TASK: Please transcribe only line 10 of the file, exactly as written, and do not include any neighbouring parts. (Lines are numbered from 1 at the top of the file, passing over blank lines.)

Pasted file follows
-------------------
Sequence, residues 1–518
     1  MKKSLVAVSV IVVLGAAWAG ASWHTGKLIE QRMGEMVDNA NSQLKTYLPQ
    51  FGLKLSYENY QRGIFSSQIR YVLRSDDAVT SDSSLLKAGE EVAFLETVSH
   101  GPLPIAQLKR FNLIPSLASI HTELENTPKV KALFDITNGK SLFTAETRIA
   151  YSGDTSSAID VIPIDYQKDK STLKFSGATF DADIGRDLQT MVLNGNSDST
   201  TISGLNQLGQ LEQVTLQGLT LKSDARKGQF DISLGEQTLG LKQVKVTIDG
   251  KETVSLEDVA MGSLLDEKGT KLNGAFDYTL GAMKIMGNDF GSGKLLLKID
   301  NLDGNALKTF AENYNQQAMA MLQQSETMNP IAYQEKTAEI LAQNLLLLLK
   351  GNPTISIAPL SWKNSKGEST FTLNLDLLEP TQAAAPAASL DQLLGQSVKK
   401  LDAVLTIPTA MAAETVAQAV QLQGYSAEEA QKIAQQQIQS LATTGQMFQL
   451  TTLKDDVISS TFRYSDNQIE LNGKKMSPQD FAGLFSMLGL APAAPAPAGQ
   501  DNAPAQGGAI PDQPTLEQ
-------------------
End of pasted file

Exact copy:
   401  LDAVLTIPTA MAAETVAQAV QLQGYSAEEA QKIAQQQIQS LATTGQMFQL